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Incarnation of Egg Foo Yong

(Photo by ISO staff)

When a dish is named after 'foo yong', literally 'white lotus petals', it denotes the food has the same soft and silky texture as the lotus flower. Egg foo yong derives from a Cantonese dish in which beaten eggs are fried slowly until crispy golden brown on the outside, while creamy and tender on the inside. It is time-consuming to make, which is the reason why egg foo yong is rare to find among student canteens in CUHK, where meals have to be served in a short time span.

Mr. Leo Lee, manager of the United College Student Canteen, dares to break new ground by serving egg foo yong on a sizzling plate, and thus delegating the slow-frying process to the hot iron. The hardest part is to select the right iron plate­—if too shallow, the fluid will spread over too wide; too thick, the heat it generates will burn the egg mixture. It was only after a decent amount of trial and error that Mr. Lee began to find the perfect container.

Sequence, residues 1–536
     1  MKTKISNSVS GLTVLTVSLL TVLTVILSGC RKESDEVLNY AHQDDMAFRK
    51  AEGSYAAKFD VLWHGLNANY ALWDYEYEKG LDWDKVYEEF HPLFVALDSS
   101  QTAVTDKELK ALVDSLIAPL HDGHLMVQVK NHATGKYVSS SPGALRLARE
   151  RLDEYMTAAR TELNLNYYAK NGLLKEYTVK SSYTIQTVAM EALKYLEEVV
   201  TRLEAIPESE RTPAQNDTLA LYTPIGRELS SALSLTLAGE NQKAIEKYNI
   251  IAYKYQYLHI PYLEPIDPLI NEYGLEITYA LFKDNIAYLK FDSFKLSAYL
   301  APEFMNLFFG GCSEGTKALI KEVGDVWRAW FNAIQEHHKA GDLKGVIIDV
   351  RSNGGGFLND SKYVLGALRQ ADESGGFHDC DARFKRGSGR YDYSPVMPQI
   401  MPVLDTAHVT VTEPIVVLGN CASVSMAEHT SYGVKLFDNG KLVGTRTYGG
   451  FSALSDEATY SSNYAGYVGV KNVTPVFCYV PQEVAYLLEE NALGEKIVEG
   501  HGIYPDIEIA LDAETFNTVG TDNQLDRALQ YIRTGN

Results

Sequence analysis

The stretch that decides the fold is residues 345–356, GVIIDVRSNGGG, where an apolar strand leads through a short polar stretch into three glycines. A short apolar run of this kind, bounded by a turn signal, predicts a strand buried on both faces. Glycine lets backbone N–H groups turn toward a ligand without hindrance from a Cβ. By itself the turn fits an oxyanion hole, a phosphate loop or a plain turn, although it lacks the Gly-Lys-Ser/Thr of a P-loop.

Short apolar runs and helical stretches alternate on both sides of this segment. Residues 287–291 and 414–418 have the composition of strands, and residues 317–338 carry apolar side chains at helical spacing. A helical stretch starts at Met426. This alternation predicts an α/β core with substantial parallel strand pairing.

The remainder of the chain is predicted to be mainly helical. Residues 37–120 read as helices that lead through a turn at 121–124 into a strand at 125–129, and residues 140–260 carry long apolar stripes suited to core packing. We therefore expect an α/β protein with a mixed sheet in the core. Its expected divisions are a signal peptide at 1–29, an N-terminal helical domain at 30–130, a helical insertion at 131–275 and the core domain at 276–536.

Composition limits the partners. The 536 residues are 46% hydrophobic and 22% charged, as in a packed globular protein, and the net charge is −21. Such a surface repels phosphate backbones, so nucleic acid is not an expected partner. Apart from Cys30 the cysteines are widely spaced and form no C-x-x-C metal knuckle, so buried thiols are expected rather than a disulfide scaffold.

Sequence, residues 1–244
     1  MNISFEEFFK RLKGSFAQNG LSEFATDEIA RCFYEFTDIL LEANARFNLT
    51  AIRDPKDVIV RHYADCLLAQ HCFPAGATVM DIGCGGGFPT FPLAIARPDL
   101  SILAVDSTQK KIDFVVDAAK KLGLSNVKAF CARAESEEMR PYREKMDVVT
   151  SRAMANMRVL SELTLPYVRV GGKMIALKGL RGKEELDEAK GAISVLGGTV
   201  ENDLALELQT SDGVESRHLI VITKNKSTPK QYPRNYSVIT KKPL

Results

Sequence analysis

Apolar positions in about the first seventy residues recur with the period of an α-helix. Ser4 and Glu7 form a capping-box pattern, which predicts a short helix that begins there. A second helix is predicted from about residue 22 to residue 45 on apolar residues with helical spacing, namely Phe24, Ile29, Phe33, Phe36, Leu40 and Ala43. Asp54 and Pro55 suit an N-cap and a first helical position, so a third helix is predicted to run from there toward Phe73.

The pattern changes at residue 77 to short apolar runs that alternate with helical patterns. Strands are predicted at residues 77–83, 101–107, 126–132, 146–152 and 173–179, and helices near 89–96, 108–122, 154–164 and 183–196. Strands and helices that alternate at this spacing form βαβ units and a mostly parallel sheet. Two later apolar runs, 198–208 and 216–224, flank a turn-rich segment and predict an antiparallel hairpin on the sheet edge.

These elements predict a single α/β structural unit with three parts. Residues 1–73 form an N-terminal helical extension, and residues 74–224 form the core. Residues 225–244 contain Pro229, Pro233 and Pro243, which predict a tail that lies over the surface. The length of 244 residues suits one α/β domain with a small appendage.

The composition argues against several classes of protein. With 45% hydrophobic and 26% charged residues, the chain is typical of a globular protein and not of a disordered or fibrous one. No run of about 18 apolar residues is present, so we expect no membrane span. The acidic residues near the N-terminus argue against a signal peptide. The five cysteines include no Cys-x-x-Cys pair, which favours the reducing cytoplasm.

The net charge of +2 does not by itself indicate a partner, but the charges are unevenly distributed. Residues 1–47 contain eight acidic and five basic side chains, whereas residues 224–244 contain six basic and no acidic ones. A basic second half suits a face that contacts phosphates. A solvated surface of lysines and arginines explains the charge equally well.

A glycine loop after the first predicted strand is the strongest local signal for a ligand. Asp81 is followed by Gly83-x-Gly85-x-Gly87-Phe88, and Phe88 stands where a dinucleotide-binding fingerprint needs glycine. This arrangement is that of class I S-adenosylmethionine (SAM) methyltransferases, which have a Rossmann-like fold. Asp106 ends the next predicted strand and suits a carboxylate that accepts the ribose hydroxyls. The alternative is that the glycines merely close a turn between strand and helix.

Ingredients of the incarnation of egg foo yong include shrimps, sliced sausages, shredded ham, bean sprouts and chives, which are stir-fried to 70% done beforehand. When receiving an order, the cook will take the pre-heated sizzle plate out of the oven, further fry the meat and vegetables until 90% done, and pour in the beaten egg to mix with the ingredients. What it takes is a mere 30 seconds. When the eater comes to fetch the food, two to three minutes have passed, and the lotus will already have actualized itself on the sizzling plate.

Mr. Lee suggested that after placing an order, one should pick up the food as soon as it is ready, lest the lotus egg becomes over-cooked and turns dry. The accompanying bowl of rice needs to be added into the plate and mix well to merge with the aroma of the eggs and the sweetness of the vegetables.


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